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Tell me about your work is a new interview series published by the Division of Jazz Studies at UNT. We're interested in knowing more about the work life of our alumni, what role their musical education plays in the work they do, and what their musical lives are like now. Knowing this will give current students a broader sense of the career paths they could follow, and could suggest ways to prepare for them while they are still studying at UNT. --John Murphy

Tell me about your work: Lindsey Miller

Tell me about your work is a new interview series published by the Division of Jazz Studies at UNT. We're interested in knowing more about the work life of our alumni, what role their musical education plays in the work they do, and what their musical lives are like now. Knowing this will give current students a broader sense of the career paths they could follow, and could suggest ways to prepare for them while they are still studying at UNT.

John Murphy


Lindsey Miller

B.M. in Jazz Studies, 2006

M.M., Southwestern Baptist Theological Seminary, 2013

Lindsey Miller playing guitar in a pop band with lead singer in foreground

What sort of work do you do?

I'm a freelance guitarist in Nashville, TN. My work consists of recording sessions, tours, television, musicals, and local gigs. My recent credits includes a 2016 Christmas tour I did with Contemporary Christian artist Lauren Daigle, and I also appeared in four episodes of Season 5 of the TV show Nashville.

What led to you doing this sort of work?

When I first moved to Nashville, I thought I wanted to phase out of playing and find a full time job in a related field. However, after living here a year, I was getting a steady amount of work, and it was much more fulfilling to play music than to search for a job. So I ended up staying with it.

How did you prepare for it?

Probably the most important thing I did was learn to sight read well. I know that sounds weird for a country music town, but it's a skill that's needed and not many guitar players in Nashville do it. It's brought some cool opportunities my way.

What's a typical day like?

Every day is different, and that's what I like so much about it. There are some months where I'll be traveling a lot, some months I'll be busy with sessions, some months I'll be playing at Tennessee Performing Arts Center (TPAC) or working on a TV episode.

What do you find most rewarding about it?

College, in some respects, was a frustrating experience for me, so if you had told me back then that I'd get to play with all these great musicians, I probably wouldn't have believed you. Aside from that, I love the culture and history of this town, the tight knit community of players, and I'm extremely grateful to find a small place in the scene here.

What do you find most challenging about it?

Self employed musicians have a unique set of career challenges. We don't have an employer to provide us with health insurance and 401K plans. Our taxes are complicated and qualifying for mortgages can be difficult. The good news is that with common sense and responsible money management most of these challenges can be overcome.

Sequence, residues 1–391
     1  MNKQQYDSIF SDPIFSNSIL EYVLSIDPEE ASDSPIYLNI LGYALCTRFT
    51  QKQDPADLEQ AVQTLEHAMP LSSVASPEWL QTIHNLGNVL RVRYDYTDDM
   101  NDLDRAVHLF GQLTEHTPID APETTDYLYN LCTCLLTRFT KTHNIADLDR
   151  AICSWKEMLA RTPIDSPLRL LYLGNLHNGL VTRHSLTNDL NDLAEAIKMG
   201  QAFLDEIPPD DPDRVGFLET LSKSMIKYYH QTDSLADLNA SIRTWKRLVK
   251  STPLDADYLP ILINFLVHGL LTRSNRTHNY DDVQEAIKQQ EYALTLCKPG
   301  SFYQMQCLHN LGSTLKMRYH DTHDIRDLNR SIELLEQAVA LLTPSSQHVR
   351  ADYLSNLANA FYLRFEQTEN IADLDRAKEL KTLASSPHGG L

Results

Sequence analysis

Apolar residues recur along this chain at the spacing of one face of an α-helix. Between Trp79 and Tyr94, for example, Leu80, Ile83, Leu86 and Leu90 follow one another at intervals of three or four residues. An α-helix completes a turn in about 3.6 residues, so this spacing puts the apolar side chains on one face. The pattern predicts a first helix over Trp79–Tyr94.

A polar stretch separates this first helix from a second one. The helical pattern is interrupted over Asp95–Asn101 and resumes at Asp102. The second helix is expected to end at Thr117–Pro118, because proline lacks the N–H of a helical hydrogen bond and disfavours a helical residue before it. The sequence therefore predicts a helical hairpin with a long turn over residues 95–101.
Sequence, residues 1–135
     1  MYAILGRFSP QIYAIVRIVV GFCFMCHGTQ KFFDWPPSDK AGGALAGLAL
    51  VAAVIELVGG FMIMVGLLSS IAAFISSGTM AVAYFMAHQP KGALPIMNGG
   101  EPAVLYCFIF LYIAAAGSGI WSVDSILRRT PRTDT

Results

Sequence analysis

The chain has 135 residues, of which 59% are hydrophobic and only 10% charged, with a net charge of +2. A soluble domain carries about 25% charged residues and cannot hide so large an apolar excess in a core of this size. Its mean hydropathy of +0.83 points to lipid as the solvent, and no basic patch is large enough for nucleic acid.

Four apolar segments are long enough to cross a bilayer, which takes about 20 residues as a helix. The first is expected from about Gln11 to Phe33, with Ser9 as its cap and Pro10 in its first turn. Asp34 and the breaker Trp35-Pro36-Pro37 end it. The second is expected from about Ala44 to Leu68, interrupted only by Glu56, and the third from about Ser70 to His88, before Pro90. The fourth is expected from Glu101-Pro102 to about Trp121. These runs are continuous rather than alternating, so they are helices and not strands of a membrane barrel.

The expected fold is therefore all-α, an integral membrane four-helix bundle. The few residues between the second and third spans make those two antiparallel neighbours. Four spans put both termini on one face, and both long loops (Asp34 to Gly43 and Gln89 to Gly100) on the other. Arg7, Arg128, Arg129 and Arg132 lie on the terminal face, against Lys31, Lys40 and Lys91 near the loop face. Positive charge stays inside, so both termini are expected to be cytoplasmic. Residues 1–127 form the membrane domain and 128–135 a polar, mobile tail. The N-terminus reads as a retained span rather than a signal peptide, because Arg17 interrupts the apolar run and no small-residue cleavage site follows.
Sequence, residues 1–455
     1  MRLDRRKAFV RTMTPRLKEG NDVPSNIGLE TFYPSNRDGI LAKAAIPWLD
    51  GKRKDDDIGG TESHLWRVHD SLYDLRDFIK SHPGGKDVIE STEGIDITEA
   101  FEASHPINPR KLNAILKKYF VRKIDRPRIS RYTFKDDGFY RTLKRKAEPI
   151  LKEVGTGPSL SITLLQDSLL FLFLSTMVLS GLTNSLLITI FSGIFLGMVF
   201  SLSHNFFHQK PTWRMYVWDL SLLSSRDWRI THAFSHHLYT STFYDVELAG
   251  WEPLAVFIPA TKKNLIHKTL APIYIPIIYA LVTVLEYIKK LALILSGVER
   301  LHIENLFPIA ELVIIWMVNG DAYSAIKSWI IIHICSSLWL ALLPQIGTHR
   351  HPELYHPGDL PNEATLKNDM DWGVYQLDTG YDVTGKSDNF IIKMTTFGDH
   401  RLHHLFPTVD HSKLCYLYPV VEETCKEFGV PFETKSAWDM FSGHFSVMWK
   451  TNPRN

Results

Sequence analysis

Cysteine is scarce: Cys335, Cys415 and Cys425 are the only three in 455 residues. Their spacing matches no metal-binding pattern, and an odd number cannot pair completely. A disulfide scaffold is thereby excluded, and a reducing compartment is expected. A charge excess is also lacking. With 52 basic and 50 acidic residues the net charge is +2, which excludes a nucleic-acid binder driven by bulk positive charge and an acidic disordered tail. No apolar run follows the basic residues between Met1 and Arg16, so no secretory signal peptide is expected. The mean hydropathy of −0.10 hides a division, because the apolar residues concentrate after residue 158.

What role, if any, did your musical education at UNT play in preparing for this work?

UNT's high pressure, fast paced atmosphere was a good foreshadowing of what work is like here. Recording sessions can sometimes move so fast, and you don't want to be the one who slows everything down.

What might you have done differently during your time at UNT if you knew you would be doing this sort of work now?

I wish I had known more about the business side of music. Before moving to Nashville, I had never heard of the Federal Musicians' Pension, doing work on the union card, joint venture deals, or the different types of pay rates for recording sessions. These are all great financial resources/incentives for freelance musicians. On the performance side I definitely wish I had started diversifying my skill set way earlier in my college career. I wish I had started investing in guitars, utility instruments, effects, and amps earlier. I wish I had started learning about Pro Tools much earlier; not just learning the software side, but also how to come up with signature guitar parts and layer guitar tracks.

What else would you like readers to know about your work?

You can follow me on my instagram @lbmiller83 to see more about my gear and what kind of jobs I'm currently doing.

What other jobs have you had since leaving UNT?

When I first moved here, I worked as an unpaid intern at a music booking agency copying and pasting about 300 to 500 emails a day. I eventually got so fast at it, that they started paying me to do it.

Tell me about your work: Tahira Clayton

Tell me about your work is a new interview series published by the Division of Jazz Studies at UNT. We're interested in knowing more about the work life of our alumni, what role their musical education plays in the work they do, and what their musical lives are like now. Knowing this will give current students a broader sense of the career paths they could follow, and could suggest ways to prepare for them while they are still studying at UNT.

John Murphy


Tahira Clayton

B.A. in Music, 2015

Tahira Clayton singing in a recording studio

Breaking news (June 2017): Tahira Clayton and the AMP Trio won the DC Jazz Prix at the Washington, D.C. Jazz Festival

What sort of work do you do?

I am a freelance musician (instrument: vocals) and early childhood educator.

What led to you doing this sort of work?

As a 16-year-old, I booked my first professional work with a corporate variety band as their lead singer. During my time at UNT, I started performing with my own groups as well as being a side-woman with other small groups throughout Denton and Dallas. Now based in New York City, I realized quickly that if I hustled hard enough and diversified myself, I would be able to sustain a living being a musician. The early childhood education came during my UNT years as well, sort of out of necessity. I didn't realize how much I enjoyed teaching younger kids until I started doing it and have stuck with it.

How did you prepare for it?

I don't know that I consciously prepared for life as a freelancer. I was fortunate enough to gain gig experience at an early age that undoubtedly prepared me for present day. Getting a degree in music certainly gave me skills I would need to be diverse as a musician and educator.